*The contents in this blog relates to legislation in New South Wales.
You may have a medical negligence claim if you have been injured following medical management or treatment and you suspect that your injury was caused by negligence.
Although ultimately expert opinion is required in support of the allegations of negligence, there is a timeframe by which Court proceedings must be commenced. This timeframe is referred to as the limitation period. The limitation period that is applicable to one claim might differ to the limitation period applicable to another claim. This depends on the timing at which the alleged negligence that resulted in an injury has occurred.
In New South Wales, if the alleged negligence giving rise to your personal injury occurred on, or after, 6 December 2002, legal proceedings must be commenced within three years from the date at which the cause of action became discoverable. This means that your claim for compensation arising from injuries sustained as a result of alleged medical negligence must be filed in court within three years of the time at which you realised, or ought to have realised, the following matters:
- you have sustained an injury; and
- the injury is the fault of the defendant; and
- the injury is worth suing over.
It is prudent to commence legal proceedings within the limitation period and it is always preferable that a claim is commenced within the earliest three years from the alleged negligence giving rise to the injury. However this is not always possible. For example, if you sustained injury due to a delay in diagnosis and treatment of a condition that began to make you feel unwell in say 2016, and you consulted with several doctors, or presented to your local public hospital over a period of several years. Despite seeking medical advice, your condition was not diagnosed until say 2021 and you became aware of test results that were available in 2016 that detected your condition, then it is arguable that the limitation period is three years from 2021 as that was when you discovered that you were injured, the injury is the fault of the doctors or hospital that failed to diagnose you in 2016 and your injury is worth suing over (i.e. serious enough to bring a case). There is a long-stop bar of 12 years from the time at which the alleged negligence occurred. There are arguments that could be made to extend the limitation period after reaching the long-stop bar, however, those arguments are limited.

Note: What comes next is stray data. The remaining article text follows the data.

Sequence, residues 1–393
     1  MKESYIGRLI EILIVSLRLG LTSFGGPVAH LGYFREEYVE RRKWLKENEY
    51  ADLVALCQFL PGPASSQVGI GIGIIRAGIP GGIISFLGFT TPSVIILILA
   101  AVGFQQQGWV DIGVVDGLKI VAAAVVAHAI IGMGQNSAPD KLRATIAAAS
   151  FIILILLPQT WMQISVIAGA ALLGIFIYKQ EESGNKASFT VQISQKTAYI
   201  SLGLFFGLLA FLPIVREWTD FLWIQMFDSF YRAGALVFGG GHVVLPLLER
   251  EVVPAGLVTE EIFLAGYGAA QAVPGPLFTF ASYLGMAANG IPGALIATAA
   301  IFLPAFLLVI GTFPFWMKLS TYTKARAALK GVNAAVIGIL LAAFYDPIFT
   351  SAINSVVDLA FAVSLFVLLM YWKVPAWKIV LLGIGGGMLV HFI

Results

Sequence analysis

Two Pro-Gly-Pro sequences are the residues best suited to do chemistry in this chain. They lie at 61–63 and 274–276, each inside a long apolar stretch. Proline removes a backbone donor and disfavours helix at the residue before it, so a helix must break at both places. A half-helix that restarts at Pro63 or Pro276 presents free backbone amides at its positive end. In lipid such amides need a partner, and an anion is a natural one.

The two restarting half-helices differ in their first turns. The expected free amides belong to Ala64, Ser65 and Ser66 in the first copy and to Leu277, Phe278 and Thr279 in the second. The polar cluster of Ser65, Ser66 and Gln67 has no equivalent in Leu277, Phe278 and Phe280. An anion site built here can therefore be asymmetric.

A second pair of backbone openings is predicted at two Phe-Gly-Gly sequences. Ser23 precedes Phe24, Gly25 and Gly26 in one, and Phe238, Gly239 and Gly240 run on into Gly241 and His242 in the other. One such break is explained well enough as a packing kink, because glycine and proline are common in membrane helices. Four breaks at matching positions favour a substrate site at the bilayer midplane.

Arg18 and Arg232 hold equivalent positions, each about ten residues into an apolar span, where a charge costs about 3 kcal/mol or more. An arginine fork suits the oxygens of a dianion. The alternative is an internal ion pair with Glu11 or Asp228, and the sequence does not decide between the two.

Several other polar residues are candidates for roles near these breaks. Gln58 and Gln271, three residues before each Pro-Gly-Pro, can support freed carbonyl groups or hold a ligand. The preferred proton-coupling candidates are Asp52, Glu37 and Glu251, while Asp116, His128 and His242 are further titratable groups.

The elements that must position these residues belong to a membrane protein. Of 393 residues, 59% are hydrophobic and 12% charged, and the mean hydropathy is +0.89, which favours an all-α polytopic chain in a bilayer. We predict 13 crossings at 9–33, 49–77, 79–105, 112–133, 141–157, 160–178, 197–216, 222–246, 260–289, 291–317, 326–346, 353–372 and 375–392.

If the alleged negligence occurred in New South Wales at some time after 1 September 1990, but prior to 6 December 2002, the limitation period is three years from the date on which the cause of action accrues.
If you sustained a latent injury and did not commence proceedings within three years from the time of the alleged negligence and wish to bring a claim for personal injury compensation, you must make an application to the court to extend the limitation period within three years of becoming aware, or ought to have become aware, of the nature and extent of your injury and that your injury is connected to the alleged negligence. An example of a latent injury would be if you underwent surgery and there was a surgical error during the surgery that caused you injury, but you became aware of the surgical error many years later.
In the event that you were a minor at the time of the alleged negligence that occurred after 1 September 1990, but prior to 6 December 2002, the limitation period is suspended until you turn 18 years of age. This means that the limitation period is three years from your 18th birthday, subject to disability. If you suffer from a disability, the limitation period is suspended for the duration of your disability, up to an ultimate bar of a period of 30 years. The ultimate bar does not apply if you sustained a latent injury.
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The limitation period is a complex area of the law and requires careful consideration of matters that are specific and unique to each claim. If you or a loved one have suffered injury as a result of suspected medical negligence, you may be entitled to compensation. It is important that you get advice as to your legal options.
At Turner Freeman, we have specialist medical negligence lawyers who will assess your case and provide personalised advice regarding your legal entitlements. Our medical negligence lawyers are located across NSW including in our offices in Parramatta, Sydney, Wollongong, Newcastle and Toronto